Erin Stewart: When you think your child has ADD, where do you start?

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Jessica McCabe, who runs a Facebook site called How to ADHD, shared a Mother’s Day post thanking her mother for helping her.

People toss around the terms ADD and ADHD so casually these days that they’ve almost become less of a medical diagnosis for attention deficit disorder and attention deficit hyperactivity disorder and more of a throw-away word to describe any kid who can’t focus or has endless energy.

But for parents who deal with the actual diagnosis and the therapy appointments and medicines that go with it, these disorders are so much more than the flippant terms bandied about by parents who have never had to face ADD or ADHD head on.

As of yet, I am one of these parents. I have not had a child diagnosed, although I have had my concerns about whether we might have a child who could benefit from visiting a counselor about distraction, forgetfulness and disorganization.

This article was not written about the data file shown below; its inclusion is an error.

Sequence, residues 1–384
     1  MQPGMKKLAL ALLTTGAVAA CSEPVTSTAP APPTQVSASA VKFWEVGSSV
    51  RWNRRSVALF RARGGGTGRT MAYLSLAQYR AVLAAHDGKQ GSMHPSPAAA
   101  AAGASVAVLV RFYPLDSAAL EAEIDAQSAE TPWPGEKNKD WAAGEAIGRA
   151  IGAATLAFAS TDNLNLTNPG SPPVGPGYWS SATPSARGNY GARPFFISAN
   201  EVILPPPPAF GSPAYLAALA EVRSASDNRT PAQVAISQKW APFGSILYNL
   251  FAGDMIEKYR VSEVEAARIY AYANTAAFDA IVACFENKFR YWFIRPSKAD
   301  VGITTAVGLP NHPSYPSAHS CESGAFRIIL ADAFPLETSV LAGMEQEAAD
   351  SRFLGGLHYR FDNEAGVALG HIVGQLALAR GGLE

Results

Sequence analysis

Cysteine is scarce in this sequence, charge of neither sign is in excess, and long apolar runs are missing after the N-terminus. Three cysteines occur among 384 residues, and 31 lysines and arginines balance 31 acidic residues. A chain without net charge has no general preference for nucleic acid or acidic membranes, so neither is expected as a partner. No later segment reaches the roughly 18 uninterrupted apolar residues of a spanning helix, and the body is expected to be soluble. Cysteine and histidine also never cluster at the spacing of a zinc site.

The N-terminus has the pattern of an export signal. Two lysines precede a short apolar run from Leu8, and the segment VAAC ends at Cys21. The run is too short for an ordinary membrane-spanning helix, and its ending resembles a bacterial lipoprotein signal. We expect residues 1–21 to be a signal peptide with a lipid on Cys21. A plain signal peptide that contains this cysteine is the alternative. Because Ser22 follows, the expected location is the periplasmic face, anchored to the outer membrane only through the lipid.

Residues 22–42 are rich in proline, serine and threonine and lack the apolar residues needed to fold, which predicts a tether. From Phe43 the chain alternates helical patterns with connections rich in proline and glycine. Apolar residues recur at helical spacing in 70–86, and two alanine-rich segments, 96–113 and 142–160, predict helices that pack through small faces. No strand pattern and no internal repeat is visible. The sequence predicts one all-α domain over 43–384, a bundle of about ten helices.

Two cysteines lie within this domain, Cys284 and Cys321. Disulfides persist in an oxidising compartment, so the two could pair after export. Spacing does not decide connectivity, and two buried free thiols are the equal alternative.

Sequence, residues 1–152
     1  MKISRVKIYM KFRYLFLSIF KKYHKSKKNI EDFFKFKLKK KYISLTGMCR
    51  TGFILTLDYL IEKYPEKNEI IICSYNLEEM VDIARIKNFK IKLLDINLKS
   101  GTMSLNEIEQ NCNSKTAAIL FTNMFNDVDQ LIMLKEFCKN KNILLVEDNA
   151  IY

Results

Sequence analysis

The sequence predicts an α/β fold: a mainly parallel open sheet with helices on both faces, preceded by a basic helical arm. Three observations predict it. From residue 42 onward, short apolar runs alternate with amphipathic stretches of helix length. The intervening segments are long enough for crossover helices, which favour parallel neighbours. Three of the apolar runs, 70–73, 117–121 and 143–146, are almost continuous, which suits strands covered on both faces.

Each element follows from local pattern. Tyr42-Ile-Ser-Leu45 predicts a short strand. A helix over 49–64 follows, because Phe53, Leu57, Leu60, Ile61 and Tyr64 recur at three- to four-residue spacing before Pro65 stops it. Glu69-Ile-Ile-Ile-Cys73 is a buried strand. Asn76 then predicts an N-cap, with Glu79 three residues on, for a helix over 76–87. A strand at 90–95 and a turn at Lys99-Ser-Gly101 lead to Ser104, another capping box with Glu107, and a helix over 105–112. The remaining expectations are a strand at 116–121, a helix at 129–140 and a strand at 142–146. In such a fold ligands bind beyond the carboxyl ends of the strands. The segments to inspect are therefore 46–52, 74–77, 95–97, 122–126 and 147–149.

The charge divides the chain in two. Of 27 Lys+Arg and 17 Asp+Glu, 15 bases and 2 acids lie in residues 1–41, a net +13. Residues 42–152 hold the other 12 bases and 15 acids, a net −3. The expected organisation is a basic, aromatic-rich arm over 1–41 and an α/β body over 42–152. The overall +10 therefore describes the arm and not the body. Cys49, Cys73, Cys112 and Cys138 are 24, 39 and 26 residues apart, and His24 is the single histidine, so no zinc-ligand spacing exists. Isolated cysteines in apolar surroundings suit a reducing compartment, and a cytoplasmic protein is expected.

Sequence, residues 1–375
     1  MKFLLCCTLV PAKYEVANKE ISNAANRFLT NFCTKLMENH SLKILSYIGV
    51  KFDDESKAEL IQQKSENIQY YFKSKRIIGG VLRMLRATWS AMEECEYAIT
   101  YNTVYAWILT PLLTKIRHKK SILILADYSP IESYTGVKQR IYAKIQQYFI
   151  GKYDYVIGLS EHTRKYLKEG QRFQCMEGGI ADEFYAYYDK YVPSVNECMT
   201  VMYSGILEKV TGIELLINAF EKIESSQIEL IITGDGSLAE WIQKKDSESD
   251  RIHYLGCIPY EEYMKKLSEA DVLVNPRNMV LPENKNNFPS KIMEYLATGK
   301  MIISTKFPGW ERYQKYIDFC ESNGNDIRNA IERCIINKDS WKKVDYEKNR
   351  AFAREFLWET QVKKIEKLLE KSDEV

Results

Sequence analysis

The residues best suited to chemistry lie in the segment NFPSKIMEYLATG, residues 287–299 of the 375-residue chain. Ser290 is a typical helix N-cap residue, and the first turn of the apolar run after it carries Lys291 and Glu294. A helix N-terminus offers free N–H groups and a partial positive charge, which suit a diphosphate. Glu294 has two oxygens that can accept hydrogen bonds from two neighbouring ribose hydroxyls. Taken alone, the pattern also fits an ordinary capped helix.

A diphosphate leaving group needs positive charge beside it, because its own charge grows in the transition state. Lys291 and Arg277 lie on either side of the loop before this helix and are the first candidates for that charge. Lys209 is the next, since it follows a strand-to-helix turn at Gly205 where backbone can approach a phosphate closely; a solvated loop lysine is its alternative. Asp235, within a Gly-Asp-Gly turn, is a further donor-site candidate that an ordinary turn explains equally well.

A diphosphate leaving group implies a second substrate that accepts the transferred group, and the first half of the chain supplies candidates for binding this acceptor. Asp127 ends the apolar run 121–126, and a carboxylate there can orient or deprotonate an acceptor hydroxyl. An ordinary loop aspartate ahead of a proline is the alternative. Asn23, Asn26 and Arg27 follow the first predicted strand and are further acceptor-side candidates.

And for all my pro-medicine stance on things like depression and anxiety, I find myself nervous to walk down a path that may lead to an “official diagnosis” or a prescription. I hate to admit it, but I’m hiding my head in the sand hoping the problem will resolve. Hoping that some organization skills, checklists and a day planner may nip this thing in the bud.

Maybe it will.

But maybe it won’t. And if that’s the case, I’m honestly scared of what comes next.

I’ve watched friends struggle with children with ADHD. They’ve dealt with medicines that made their children severely depressed and even suicidal. They’ve dealt with teachers who think the disorder is a sham, and other…

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